REVIEW | doi:10.20944/preprints202305.0906.v2
Subject: Biology And Life Sciences, Virology Keywords: Respiratory viruses; Anosmia; Olfaction Disorders; loss of smell; Covid-19
Online: 16 October 2023 (08:54:50 CEST)
Acute respiratory viruses (ARVs) are leading cause of diseases in human worldwide. High risk individuals including children and elderly could potentially develop severe illness that could result in hospitalization or death in the worst case. Most common ARVs are Human respiratory syncytial virus, Human Metapneumovirus, Human Parainfluenza Virus, rhinovirus, coronaviruses (including SARS and MERS CoV), adenoviruses, Human Bocavirus, enterovirus (-D68 and 71), and influenza viruses. The olfactory deficits due to ARVs infection is a common symptom among patients. This mini review provides an overview of the role of SARS-CoV-2 and other common ARVs in the development of human olfactory pathophysiology. We highlight the critical need for understanding the signaling underlying the olfactory dysfunction and the development of therapeutics for this wide-ranging category of AVRs to restore the altered or loss of smell in affected patients.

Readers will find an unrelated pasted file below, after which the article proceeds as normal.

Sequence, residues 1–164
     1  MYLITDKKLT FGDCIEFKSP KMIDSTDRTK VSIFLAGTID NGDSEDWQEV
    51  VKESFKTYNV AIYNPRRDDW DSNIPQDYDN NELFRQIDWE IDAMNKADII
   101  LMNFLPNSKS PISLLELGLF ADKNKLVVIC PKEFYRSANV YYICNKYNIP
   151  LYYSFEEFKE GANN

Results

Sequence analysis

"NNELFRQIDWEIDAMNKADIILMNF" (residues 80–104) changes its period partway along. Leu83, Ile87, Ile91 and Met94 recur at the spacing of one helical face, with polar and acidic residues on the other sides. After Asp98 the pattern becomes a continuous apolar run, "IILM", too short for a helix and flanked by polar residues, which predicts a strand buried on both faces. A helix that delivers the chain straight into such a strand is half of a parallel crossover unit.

ARTICLE | doi:10.20944/preprints202304.1240.v1
Subject: Medicine And Pharmacology, Epidemiology And Infectious Diseases Keywords: IL17A; malaria; Plasmodium falciparum; serum level; polymorphism.
Online: 30 April 2023 (02:35:08 CEST)
Malaria infection is a multifactorial disease partly modulated by host immuno-genetic factors. Recent evidence has demonstrated the importance of Interleukin-17 family proinflammatory cytokines and their genetic variants in host immunity. However, limited knowledge exists about their role in parasitic infections such as malaria. We aimed to investigate IL-17A serum levels in patients with severe and uncomplicated malaria, whether IL-17A gene polymorphisms are involved in severe malaria susceptibility and the polymorphism’s influence on the IL-17A serum levels. 125 malaria patients and 48 free malaria controls were enrolled in this research. Malaria patients were classified into severe malaria (SM) and uncomplicated malaria (UM). IL-17A serum levels were measured with ELISA. PCR and DNA sequencing were used to assess host genetic polymorphisms in IL-17A. We performed a multivariate regression to estimate the impact of human IL-17A variants on IL-17A serum level and malaria outcome. Elevated serum IL-17A levels accompanied by increased parasitemia were found in SM patients compared to UM and controls (P<0.0001). Also, the IL-17A levels were lower in SM patients who were deceased than in those who survived. In addition, the minor allele frequencies (MAF) of two IL-17A polymorphisms (rs3819024 and rs3748067) were more prevalent in SM patients than UM patients indicating an essential role in SM. Interestingly, the heterozygous rs8193038 AG genotype was significantly associated with higher levels of IL-17A than the homozygous wild type (GG). According to our results, it can be concluded that IL-17A may play a role in protection against fatal malaria outcomes.